Silence. They all stared down at the spork.

“Er, sorry,” Twilight finally said. “That was uncalled for. I—”

“Urk!” Song Sparrow jerked to her feet, kicking the chair away. Her hooves rose to her breast to cover the ribs Twilight had just pierced. She swayed in place, teetered, tottered, and with a final clatter crashed to the ground like a slain xylophone. Hollow knocking echoes filled the restaurant as Twilight, her friends, and the dozens in the crowd stared in shock.

Silence reigned again.

Somepony in the back screamed. That broke the dam, and chaos overwhelmed the Hayburger. Ponies tried to escape. Ponies tried to crowd in. The roof rattled as a dozen pegasi took off and two dozen more landed.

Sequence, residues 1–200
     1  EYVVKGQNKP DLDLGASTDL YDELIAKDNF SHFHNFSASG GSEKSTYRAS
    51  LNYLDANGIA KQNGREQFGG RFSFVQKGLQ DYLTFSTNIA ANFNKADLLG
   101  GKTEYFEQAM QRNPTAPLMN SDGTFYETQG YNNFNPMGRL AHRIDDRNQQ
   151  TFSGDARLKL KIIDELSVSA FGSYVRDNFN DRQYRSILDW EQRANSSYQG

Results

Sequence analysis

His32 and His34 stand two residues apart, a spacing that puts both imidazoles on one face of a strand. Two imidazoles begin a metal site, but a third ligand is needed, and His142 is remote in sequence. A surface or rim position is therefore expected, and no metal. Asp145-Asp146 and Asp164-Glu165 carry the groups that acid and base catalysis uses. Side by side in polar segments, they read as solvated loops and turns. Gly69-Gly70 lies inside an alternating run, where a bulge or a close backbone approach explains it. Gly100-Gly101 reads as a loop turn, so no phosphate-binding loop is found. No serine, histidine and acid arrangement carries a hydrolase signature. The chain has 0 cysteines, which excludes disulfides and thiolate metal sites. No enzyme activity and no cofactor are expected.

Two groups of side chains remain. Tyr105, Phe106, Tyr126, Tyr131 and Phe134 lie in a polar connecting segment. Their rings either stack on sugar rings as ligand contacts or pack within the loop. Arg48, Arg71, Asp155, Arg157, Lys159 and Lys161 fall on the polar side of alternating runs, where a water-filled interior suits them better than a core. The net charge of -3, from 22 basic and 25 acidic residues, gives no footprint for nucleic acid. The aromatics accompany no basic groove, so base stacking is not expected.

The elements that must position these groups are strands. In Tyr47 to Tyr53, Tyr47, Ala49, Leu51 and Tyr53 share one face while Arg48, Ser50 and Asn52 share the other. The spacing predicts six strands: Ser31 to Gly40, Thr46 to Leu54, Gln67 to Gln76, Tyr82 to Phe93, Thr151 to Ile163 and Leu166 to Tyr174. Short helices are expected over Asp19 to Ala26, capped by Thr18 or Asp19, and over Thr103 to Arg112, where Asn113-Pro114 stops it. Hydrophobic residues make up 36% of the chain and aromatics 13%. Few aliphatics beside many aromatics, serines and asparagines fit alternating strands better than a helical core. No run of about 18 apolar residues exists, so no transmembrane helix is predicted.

“What the heck, Twilight?!” Applejack shouted.

“You killed her!” from Rainbow Dash.

“What? No, no!” Twilight gawked at the mess of bones strewn on the floor. “She just fell down!”

“Murder!” somepony screamed.

“No! No!” Twilight spun to the crowd to plead her case. “She was a skeleton! You can’t murder a skeleton!”

But it was not to be. The chaos continued until a burly stallion with a ten-gallon hat and a sheriff’s star pinned to his vest arrived.

“Princess Twilight Sparkle, you’re under arrest,” the sheriff said, clapping a set of manacles around Twilight’s forelegs. “Take her away, boys!”

“No! I’m innocent! Applejack, tell them I’m innocent! You can’t murder a skeleton!” She kept up her protestations as the posse dragged her through the door and to the Ponyville jail.

And that is how Twilight Sparkle was arrested for the second time in her life.